A Review of “In the Matter of J. Van Pelt”
Think about Roy Blount Jr. channeling Socrates. Think about a Robert Benchley sendup of Erskine Caldwell. Think about Jack Davis, 1950s Mad Magazine cartoonist, with his antic detail, sinuous distortions, and absurdity. Think about finding truth. Now, you’re ready to read “In the Matter of J. Van Pelt,” by Dave Shiflett, folk singer, political analyst, ghostwriter, and novelist.
Truth can’t be gotten head on. It doesn’t come in a tweet. It forms in the spaces between the things we know for certain. It emerges between the things we knew then, and the things we know now. When we’re sure we’ve got it, it flies into the jet stream, burrows into the earth, and warbles from the song of a cardinal.
Mr. Shiflett gives us the journal of the novel’s namesake, J. Van Pelt, who takes a long journey in his mind, and is taken for a short ride, by the outside world, in the way Jimmy Hoffa was taken for a short ride. Like the now unrepeatable vaudeville act of Stuttering Sam, he earnestly starts one way, falters, and pivots to the opposite with equal certitude.
Van Pelt is a middle-aged, over-weight, marginally successful toady in a Washington law firm, who senses his life is a drifting oblivion. He starts his journal to speak truths too dangerous to speak aloud. His liberation is its secrecy. He reckons toward absolute veracity, without fear of censorship or condemnation. Mostly. But his truth keeps shifting. The elements of his life are bizarre. He plunges in, and day-by-day, certitude shifts like the wind, spiraling toward something, or flying off toward nullity.
There is a counterintuitive theory of comedy and tragedy which holds that comedy is the pessimistic art form, and tragedy the optimistic. Tragedy rests on the assumption that life has meaning, otherwise why care if bad things happen? Comedy assumes life is meaningless, or we couldn’t laugh at it. This book is funny. Seriously funny. The humor squirts out like milk from startled nostrils. It flies up like a rake handle between the eyes. It weaves on many levels in every line, threading its crazy-quilt narrative. But the humor does not describe a random universe of no consequence. It drapes from humanity’s essential structures, love, character, spirituality, memory and eternal longing, like the marble drapes of Callimachus, their wind-swept edges caught in mid flutter.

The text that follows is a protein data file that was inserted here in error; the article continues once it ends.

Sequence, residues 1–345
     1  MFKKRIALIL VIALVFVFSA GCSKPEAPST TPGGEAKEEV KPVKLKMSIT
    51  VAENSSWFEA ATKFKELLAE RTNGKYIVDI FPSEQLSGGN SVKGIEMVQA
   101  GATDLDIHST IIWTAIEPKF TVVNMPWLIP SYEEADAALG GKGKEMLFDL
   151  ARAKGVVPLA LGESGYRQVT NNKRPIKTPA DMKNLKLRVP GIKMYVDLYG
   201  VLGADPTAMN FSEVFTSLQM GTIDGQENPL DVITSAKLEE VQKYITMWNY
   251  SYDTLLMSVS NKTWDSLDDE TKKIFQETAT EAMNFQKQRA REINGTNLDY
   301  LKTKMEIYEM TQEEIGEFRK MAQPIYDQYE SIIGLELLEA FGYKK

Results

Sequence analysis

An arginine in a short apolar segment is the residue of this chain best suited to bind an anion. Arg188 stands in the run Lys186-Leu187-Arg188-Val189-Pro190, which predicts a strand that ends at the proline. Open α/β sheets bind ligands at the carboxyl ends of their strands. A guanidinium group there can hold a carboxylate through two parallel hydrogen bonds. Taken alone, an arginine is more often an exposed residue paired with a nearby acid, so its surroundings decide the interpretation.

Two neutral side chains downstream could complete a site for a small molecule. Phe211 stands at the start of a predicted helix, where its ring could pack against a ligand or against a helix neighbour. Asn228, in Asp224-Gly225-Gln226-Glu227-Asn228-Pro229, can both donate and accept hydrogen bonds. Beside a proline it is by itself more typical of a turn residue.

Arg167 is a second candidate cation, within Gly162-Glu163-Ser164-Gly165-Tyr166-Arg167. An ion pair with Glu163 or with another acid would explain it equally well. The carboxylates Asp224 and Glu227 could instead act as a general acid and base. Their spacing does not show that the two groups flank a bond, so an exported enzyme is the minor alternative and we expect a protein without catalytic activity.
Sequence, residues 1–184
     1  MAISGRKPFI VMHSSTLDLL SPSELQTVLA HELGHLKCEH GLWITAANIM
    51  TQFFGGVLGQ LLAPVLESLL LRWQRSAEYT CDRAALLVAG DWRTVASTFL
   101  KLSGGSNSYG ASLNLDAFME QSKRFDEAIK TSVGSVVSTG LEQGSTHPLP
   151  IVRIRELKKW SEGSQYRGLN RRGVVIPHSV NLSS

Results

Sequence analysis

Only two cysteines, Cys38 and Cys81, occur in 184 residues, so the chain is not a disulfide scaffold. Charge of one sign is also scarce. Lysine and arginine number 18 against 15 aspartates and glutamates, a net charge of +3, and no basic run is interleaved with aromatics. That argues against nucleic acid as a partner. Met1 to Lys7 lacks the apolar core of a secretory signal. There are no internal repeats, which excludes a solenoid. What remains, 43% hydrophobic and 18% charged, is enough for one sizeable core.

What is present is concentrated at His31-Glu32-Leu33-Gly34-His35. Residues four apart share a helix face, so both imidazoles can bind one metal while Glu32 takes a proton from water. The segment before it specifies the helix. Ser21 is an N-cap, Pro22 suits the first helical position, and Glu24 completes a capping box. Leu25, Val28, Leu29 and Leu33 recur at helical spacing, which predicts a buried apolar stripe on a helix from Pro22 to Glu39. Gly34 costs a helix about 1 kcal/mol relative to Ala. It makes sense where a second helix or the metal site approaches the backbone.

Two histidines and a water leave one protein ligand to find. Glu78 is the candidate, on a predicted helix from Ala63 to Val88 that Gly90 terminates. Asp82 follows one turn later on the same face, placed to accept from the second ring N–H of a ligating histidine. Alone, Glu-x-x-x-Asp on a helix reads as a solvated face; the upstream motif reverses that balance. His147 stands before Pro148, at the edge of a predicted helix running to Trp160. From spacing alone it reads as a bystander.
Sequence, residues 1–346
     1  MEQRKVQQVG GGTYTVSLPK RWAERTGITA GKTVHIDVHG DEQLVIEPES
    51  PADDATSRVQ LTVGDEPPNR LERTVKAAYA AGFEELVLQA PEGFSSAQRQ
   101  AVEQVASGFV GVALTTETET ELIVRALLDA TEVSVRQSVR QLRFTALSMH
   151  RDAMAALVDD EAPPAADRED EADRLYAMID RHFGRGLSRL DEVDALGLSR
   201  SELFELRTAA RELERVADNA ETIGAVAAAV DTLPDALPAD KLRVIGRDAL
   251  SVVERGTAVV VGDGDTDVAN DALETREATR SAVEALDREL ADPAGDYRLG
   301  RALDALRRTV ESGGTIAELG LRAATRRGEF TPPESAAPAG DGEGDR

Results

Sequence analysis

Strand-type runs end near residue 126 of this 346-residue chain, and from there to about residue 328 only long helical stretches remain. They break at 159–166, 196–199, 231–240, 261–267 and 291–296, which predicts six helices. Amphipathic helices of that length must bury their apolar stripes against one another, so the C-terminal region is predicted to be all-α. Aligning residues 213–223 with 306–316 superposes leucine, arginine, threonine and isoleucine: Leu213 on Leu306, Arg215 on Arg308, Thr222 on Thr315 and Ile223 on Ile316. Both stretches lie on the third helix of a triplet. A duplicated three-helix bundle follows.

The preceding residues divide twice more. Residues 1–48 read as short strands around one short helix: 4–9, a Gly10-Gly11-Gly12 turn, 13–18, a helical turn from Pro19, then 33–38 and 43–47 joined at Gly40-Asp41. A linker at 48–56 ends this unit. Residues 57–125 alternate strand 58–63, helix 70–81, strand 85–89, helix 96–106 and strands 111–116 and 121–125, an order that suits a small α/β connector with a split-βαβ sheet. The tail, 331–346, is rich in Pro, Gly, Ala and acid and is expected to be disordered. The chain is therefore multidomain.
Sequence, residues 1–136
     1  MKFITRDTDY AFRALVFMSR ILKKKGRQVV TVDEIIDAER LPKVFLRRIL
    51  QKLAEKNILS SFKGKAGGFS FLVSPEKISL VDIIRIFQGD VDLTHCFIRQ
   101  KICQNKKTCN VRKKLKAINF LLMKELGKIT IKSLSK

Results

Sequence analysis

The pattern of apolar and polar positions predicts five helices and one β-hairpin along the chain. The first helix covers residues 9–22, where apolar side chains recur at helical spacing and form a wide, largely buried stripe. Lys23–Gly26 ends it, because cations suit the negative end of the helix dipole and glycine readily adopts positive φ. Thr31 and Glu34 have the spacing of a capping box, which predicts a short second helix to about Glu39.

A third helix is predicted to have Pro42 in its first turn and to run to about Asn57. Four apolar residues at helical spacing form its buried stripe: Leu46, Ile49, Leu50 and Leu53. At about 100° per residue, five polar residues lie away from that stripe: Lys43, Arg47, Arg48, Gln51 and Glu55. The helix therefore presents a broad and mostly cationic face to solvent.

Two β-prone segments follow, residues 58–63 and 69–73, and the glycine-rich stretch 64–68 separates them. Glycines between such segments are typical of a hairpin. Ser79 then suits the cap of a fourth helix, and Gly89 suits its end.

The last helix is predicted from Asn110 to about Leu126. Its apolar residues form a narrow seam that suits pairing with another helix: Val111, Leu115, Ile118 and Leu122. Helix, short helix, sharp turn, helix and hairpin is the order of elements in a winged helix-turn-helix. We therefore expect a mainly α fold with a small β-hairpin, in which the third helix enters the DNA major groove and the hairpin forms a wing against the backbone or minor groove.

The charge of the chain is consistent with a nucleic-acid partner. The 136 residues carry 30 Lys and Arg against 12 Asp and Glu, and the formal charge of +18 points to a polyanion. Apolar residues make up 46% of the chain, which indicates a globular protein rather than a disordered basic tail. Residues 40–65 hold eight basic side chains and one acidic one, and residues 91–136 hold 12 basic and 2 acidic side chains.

It’s all here. The enigma of conscious life, the tension between ancient and modern, the timeless longing of humanity, the nasty details of human interaction viewed up close, the impossibility of knowing the truth, and, yet, the possibility of catching a glimpse of eternal beauty wandering on her way. If all you get from the book is a good laugh, you’re ahead of the game. You’ll probably get something more optimistic.
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